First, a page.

the-wave-film

There must be something in the water at The New Yorker. The Richard Brooks film In Cold Blood was based off of Truman Capote’s 1965 New Yorker story of the same name. The Spike Jonze film Adaptation was based off of Susan Orleans’ 1995 New Yorker story “Orchid Fever”. And Roar Uthaug’s 2015 film The Wave was based off of Kathryn Schulz’s 2015 New Yorker story “The Really Big One”.

That last one isn’t technically true, but it might as well be. The same mixture of science, dread, and sense of looming catastrophe I felt while reading Schulz’s Pulitzer Prize-winning story on the mass destruction that awaits the Pacific Northwest’s Cascadia subduction zone reemerged from the very beginning of The Wave, which is set in the real Norwegian tourist village of Geiranger. The town is at constant risk of annihilation when—not if—a rock slide tumbles into the fjord and triggers a devastating tsunami.

With this inevitability hovering over the town, a geologist named Kristian prepares to move with his family to a bigger city to start a new job in the oil industry. But when an anomaly in the town’s tectonic monitoring system stirs in Kristian an ineffable sense of doom, he can’t shake the feeling The Big One is coming. He already left his job, but it won’t let go of him.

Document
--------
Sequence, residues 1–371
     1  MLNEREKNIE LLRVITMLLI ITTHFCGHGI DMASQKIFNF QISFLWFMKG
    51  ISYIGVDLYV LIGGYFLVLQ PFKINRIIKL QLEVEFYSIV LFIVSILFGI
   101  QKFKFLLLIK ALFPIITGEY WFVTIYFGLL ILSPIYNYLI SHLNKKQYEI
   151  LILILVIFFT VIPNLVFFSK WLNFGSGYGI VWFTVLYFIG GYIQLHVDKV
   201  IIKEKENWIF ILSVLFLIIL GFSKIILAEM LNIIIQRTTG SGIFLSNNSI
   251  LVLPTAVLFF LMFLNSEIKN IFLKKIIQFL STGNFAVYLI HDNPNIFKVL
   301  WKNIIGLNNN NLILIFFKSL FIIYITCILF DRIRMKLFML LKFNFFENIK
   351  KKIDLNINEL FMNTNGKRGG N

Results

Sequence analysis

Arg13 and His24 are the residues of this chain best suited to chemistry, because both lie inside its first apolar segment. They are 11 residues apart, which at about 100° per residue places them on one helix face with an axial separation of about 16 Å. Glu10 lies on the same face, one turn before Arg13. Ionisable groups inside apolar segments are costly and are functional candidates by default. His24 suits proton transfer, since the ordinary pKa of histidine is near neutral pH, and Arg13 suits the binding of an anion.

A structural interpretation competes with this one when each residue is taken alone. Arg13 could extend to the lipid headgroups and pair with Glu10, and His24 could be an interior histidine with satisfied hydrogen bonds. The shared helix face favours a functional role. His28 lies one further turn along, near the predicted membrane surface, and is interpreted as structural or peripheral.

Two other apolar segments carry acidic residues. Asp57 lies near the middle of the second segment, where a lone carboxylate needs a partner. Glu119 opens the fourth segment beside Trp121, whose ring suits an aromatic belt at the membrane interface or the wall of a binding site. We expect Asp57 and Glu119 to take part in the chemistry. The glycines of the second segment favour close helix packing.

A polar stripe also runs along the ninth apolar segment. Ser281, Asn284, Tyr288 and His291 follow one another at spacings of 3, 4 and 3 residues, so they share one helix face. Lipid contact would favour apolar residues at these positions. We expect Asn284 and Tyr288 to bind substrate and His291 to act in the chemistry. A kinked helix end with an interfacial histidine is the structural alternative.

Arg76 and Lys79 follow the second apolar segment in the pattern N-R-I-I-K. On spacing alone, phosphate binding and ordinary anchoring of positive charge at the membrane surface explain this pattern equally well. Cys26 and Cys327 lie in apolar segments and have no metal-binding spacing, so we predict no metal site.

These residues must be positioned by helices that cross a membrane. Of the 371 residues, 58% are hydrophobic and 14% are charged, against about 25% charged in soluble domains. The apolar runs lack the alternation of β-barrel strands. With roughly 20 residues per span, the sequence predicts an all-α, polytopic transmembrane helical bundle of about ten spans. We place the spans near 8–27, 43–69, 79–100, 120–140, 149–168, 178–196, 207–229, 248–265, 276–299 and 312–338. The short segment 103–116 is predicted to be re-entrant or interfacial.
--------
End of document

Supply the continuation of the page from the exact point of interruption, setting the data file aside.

We know from the movie’s title and poster that The Wave is coming, but no one else does, and that makes watching each character’s oblivious actions, pauses, and second guesses unbearably tense. The potency of this foreboding is the forte of the film, especially the first act. It grafts the fear of the unseen menace of Jaws onto a much larger and elemental force that cannot be fought or killed, only feared and fled from. This makes it similar in tone and story to the 2012 film The Impossible, which dramatized the true story of a family scattered by the 2004 Indian Ocean tsunami. But unlike The Impossible, which had the surprise tsunami happen early on and then focused on the family reuniting, the tsunami in The Wave takes its sweet, torturous time arriving.

That choice makes it a stronger film, though the search-and-rescue of the second act I think diffuses some, but not all, of the tension that had built throughout the first half. In that way it felt like two different movies, with more of the conventional story/character beats big-budget disaster films tend to revert to happening after the tsunami hits. Yet, for being made for a paltry $6.5 million, the film is no shoddy disaster flick. The visual effects turn the tsunami into a monstrous, atavistic brute force of nature. And the cast—especially the parents played by Ane Dahl Torp and Kristoffer Joner—render a compelling human drama in how they react to the tectonic terror and try to survive in its hellish wake.

I checked to see which other Scandinavian films I’ve seen and found several great ones: The Hunt and Oslo, August 31 both made my Best Films lists for their years, and Troll Hunter was strange but interesting. These modern films plus the extensive filmography of Ingmar Bergman means there’s lots out there to discover. I’m happy to add The Wave to that list.